Renal colic mimics
- Some mimics of renal colic that may arrive at the ED include: upper UTI’s, ectopic pregnancies, ovarian torsion, adnexal masses, testicular torsion, acute aortic syndromes, renal artery aneurysms, renal infarction, splenic infarction, bowel obstruction, diverticulitis, appendicitis, biliary colic, cholecystitis, acute intestinal ischemia, pneumonia, pulmonary embolism, retroperitoneal hematoma, iliopsoas abscess.
- Focused history and physical exam are paramount due to the multitude of structures in the area and potentially dangerous conditions that may mimic renal colic.
- Flank pain and hematuria are the hallmarks of renal colic, however, the presentation is variable.
- Diagnosis can be confirmed with CT scan, which will show most other potential items in the differential if the scan is negative for a stone.
UTI Myths and Misconceptions
- UTI is a clinical diagnosis, not a laboratory one. Dysuria plus urinary frequency in the absence of symptoms of STI is diagnostic.
- Most patients with a clinical picture consistent with a lower UTI do not require urine tests.
- The indications for urine tests for suspected lower UTI include immunocompromised patients, history of multiple courses of antimicrobial therapy, history of antibiotic resistance and history of multiple drug allergies.
- While bacteria seen on microscopy is predictive of a positive culture, it is not necessarily diagnostic of a UTI as the positive culture could represent a contaminant or asymptomatic bacteriuria.
- A common pitfall is treating non-pregnant patients with asymptomatic bacteriuria with antibiotics. Asymptomatic bacteriuria is very common in all age groups and is often misdiagnosed as a UTI.
- Do not routinely treat catheterized patients found to have pyuria or candida in their urine.
- A common pitfall is to assume that the cause of altered level of awareness in an elderly is a UTI upon finding pyuria or bacteriuria on urinalysis leading to premature closure and missing a more serious diagnosis.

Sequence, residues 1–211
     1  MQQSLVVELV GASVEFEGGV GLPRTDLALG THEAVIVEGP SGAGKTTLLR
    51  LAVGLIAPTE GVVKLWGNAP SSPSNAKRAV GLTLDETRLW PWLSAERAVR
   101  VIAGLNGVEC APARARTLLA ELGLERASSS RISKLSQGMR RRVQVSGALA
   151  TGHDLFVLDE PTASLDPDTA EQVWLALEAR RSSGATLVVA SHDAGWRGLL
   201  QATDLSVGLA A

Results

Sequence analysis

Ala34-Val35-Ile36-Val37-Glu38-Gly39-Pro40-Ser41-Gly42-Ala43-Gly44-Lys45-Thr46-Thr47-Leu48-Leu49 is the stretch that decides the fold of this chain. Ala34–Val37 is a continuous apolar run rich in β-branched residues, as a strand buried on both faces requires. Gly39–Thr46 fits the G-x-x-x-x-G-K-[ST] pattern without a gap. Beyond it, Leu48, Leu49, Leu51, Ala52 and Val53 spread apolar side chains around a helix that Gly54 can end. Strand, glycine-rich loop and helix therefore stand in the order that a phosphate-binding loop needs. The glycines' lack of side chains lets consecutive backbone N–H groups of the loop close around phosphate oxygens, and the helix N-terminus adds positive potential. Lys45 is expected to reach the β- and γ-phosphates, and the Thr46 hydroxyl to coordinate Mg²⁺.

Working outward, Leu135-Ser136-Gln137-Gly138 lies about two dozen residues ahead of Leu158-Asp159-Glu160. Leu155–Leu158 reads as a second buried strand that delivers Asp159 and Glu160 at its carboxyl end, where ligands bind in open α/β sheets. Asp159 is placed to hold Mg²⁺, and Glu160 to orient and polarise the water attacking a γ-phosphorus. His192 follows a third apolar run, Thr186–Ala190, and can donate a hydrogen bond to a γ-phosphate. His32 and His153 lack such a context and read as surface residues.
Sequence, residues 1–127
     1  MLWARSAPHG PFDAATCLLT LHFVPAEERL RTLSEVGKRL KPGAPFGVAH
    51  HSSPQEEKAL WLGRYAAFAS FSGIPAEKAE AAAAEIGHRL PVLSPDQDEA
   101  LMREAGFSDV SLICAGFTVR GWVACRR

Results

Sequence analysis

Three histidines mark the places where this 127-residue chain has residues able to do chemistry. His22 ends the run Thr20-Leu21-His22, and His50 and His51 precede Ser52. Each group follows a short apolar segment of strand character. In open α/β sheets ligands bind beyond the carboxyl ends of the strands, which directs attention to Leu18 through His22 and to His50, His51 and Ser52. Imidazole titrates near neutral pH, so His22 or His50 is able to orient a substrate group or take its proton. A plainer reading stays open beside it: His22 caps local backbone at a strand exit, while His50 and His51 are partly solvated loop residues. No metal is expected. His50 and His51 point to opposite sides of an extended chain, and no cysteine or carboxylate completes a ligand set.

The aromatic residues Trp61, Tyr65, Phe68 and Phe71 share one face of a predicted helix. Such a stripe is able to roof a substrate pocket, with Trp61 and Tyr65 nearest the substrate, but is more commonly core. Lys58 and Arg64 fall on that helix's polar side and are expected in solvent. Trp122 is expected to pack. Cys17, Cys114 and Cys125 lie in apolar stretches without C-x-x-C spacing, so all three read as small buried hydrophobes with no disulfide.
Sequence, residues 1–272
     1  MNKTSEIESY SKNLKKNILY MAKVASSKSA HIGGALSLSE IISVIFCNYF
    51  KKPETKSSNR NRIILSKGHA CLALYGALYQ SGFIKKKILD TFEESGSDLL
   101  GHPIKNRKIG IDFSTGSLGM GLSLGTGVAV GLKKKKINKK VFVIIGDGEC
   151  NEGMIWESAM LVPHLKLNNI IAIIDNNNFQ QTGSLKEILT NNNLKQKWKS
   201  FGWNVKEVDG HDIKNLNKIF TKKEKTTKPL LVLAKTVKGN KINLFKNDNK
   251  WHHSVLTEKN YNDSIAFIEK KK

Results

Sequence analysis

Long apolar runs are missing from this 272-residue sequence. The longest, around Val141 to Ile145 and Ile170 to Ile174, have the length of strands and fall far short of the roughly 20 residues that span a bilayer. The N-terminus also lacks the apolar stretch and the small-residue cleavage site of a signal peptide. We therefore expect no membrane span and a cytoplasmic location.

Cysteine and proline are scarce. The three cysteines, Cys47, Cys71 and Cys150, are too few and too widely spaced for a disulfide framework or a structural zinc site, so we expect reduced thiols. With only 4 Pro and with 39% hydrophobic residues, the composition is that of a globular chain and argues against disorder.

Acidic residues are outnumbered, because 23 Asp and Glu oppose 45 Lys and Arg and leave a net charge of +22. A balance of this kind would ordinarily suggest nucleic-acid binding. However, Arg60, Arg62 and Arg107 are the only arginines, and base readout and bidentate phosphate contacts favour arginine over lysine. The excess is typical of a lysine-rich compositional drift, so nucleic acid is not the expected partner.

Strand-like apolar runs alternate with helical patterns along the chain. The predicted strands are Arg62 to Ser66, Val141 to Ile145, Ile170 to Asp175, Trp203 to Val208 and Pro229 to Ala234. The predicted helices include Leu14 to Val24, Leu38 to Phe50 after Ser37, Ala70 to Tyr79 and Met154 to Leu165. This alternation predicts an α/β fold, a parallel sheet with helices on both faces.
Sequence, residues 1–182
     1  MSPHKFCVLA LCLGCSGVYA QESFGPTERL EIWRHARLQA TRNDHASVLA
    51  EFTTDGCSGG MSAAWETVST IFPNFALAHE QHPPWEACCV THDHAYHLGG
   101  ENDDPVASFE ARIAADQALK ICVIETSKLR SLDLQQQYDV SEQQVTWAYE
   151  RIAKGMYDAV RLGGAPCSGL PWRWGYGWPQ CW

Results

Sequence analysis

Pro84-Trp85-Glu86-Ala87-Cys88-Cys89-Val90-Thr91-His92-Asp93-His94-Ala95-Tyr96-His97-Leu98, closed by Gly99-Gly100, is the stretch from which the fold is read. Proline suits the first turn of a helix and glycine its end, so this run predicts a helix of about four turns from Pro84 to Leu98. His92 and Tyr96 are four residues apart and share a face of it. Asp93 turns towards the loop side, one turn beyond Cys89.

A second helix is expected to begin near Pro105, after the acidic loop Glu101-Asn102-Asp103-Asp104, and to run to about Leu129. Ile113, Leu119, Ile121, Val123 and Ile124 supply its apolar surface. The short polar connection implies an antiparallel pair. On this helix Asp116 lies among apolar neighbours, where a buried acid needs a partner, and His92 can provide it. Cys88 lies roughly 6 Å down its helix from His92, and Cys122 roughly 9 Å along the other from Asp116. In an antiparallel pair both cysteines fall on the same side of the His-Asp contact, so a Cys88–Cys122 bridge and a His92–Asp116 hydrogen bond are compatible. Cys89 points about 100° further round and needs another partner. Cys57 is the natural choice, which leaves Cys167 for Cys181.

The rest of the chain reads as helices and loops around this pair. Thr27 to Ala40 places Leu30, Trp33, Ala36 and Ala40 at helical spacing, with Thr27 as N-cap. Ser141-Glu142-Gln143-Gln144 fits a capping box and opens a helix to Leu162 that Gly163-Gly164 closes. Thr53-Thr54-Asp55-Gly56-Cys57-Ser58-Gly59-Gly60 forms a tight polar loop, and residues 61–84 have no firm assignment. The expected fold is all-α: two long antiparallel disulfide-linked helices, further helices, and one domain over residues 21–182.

- Imaging is not routinely required for patients suspected clinically of pyelonephritis.
- Cranberry juice, direction of wiping and voiding post intercourse are not effective in preventing recurrent UTIs
- 3-5 days duration of therapy is sufficient for the vast majority of lower UTI
Myth 1: The Urine Is Cloudy and Smells Bad. My Patient Has a UTI
Myth 2: The Urine Has Bacteria Present. My Patient Has a UTI. Also See Myth 8
Myth 3: My Patient’s Urine Sample Has >5 Squamous Epithelial Cells per Low-Power Field and the Culture is Positive. Because the Culture is Positive, I Can Disregard the Epithelial Cell Count and Treat the UTI
Myth 4: The Urine Has Positive Leukocyte Esterase. My Patient Should Have a Urine Culture Performed, Has a UTI, and Needs Antibiotics
Myth 5: My Patient Has Pyuria. They Must Have a UTI
Myth 6: The Urine Has Nitrates Present. My Patient Has a UTI
Myth 7: All Findings of Bacteria in a Catheterized Urine Sample Should Be Diagnosed as a UTI
Myth 8: Patients with Bacteriuria Will Progress to a UTI and Should Therefore Be Treated
Myth 9: Falls and Acute Altered Mental Status Changes in the Elderly Patient Are Usually Caused by UTI
Myth 10: The Presence of Yeast or Candida in the Urine, Especially in Patients with Indwelling Urinary Catheters, Indicates a Candida UTI and Needs to Be Treated
- If the child is unwell, culture them as you think is appropriate and treat.
- In well appearing children, UTI does not seem to cause long term renal problems and the risk of sepsis is incredibly low.
- In well appearing children, there does not appear to be a difference between starting antibiotics for UTI on the first day of fever or on day number 5.
- Given the rate of asymptomatic bacteriuria, you should anticipate a high rate of false positive urine cultures.
- Therefore, it makes sense to wait until at least the fifth day of fever before testing for UTI. This will result in fewer urines being sent and fewer false positives (because many fevers will resolve before day 5), but does not seem to be associated with any harm
- There does not seem to be any value in routine imagining of children with a first time UTI. Selective imagining based on history and physical makes more sense, but even then it is not clear that imaging changes management.